Monday, November 18, 2013

Still NOV

Yesterday Vlad, our 17 year old friend we found on the sidewalk, officially became the man by making our lesson and simultaneous dreams come true. Afterwards was our dinner hour that wound up being spent at the branch when we were summoned in by the ward Russian choir for accompaniment reasons. I sat down at the piano and started the intros as instructed by the passionate director with a black moustache. The singers did all they could to conform to the unforgiving margins of the correctly played notes. As most quality directors do, the moustache man continued to voice his spoken praise to the bunch--and even began to put analogies to his directions of encouragement-sort of putting paint on his choral canvas. Way to go man--whose name I still don't know. As I'm focusing on the page, my ear starts to perk up when my mind starts to interpret his russian directions--something along the lines of, "no, no--you musn't sing with human feeling. No more human feeling." Hahah, my eyes definitely pulled up to meet SIster Hancock's as we shared quiet, stifled, mutual laughter. Next thing was the reminder to soften the dynamics with an articulately-put, "SING LIKE BABIES!!! babies."  Rumor has it he's taking after Mack Wilberg.

Wow what a week. Shot up to Samara, fetched Sister Hancock, race back to Saratov--say hi to your new home, but now blow it a kiss goodbye before our now-boarding bus to Penza. Haha. It's been a crazy, great week of making our goals come to pass with help and a couple good old miracles sent from Heavenly Father. We saw some really neat things on the exchange--after a few hours of not seeing much in the cold Penza rain. A man approached us, in the middle of a just-ignited conversation with a woman, insisted on receiving a Book of Mormon, and a follow-up meeting for the next day. Haha, it was so incredible--and even more amazing to see Sister Kiestler then continue with the woman, who happened to know a little English. She bore her testimony in a foreign-to-our-nature-as-missionaries- language, ie our native tongue. The spirit was so profoundly strong, as she said is slowed, simplified english phrases, that she knows the gospel is true. And that this is Christ's church. And that the book in her hands will strengthen her faith in Him, and in God.  I just watched in happy awe, to see how the spirit and all tied things together for what was a needed miracle in this sister's life, as she comes to the end of her time here. 

Some of my favorite smaller things, are the ability to peer out the bus windows on our way to different cities--and finally get a taste of the rich russian landscape. And at all different seasons of life, too. Right now, the golden orange of autumn has waxed old, and now it's woodsie, somewhat eerie birchwood white forests of trees that stretch for miles, or clear tundra green fields against smokey gray skies. It's mesmerizing. Haha, and SIster Hancock and I didn't shy away from the opportunity to hop off and stretch and the 10 minute pit stop. Usually it's fun or deep conversation between us-- but now, just staring out in to the silent scene beyond the winding road around us. Fantastic, 'twas. I'll run through it alone some day.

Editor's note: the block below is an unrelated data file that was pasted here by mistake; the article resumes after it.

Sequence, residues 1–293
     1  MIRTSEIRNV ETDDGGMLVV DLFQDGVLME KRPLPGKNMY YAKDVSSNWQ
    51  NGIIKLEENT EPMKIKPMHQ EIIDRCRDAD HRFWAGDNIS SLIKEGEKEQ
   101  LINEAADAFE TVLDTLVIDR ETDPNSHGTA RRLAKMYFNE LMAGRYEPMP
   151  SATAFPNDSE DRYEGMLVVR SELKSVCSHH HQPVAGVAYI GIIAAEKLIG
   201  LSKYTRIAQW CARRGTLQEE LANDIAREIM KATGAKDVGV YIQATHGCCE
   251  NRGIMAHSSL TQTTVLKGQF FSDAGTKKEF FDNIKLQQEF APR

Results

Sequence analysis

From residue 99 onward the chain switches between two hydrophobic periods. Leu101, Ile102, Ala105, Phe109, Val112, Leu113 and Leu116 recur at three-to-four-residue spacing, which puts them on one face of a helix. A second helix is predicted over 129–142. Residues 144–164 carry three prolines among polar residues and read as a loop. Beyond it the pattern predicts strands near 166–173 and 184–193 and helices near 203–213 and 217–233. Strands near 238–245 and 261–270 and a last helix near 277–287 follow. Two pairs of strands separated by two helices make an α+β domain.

So Tatyana with the moon eyes--kind of broke our hearts. It's tough, because her husband who is literally approaching the end with cancer, doesn't appreciate her leaving with time constriction. She broke down in tears with us last night in the dark when she peeped out the door to tell us the news and return the Book of Mormon. We listened--it was really the only option--before offering a prayer for her, and reading together Mosiah 24:14. One of my favorite stories of a people who trusted and cherished their relationship with Heavenly Father so much, that they heeded a prophet's encouragement to continue to pray in their hearts to not lose their lives. She cried even more--as the scripture assures in His words, that He visits His people in their afflictions. We'll miss Tatynana, but I have a feeling we'll hear from her again someday. 

I've been reading a lot in the teachings of Joseph Smith doctrine book, and eating up every word. Right now, around the part where the saints worked and sacrificed with enthusiasm to construct the temple in Nauvoo--then the miracle of Zion's camp in an effort to rescue the saints in Missouri. I just keep learning about how members of the church are more and more blessed, as they turn over their lives to God. And how that principle can be applied in all areas and stages of life. I read the quote from Spencer W. Kimball that got here from Nana a week ago in the mail. And I cry every time I read it. Haha. I really really love the gospel, its history, its majesty so much. Today in Matthew--how Christ required the faith of the two blind men before doing what was most likely a simple task to Him. Their, or the fuel to have it be brought to pass.
I love my mission, in short. Walking out of a store this week, a weird kid named Deneese approached SIster Hancock and me. He made the effort to help us with our groceries, after insisting on waiting for us. Not needed, but sure? Then we talked with him outside and he said he'd met elders. And then we said we had to go, based off the spirit- and he insisted on hugs and kisses from us, only to be disappointed. I shook my hand away from his, as we were off in a jiffy to enjoy our dinner. Silly Deneese. Delicious dinner.

Have a great week!!
Sister Clyde

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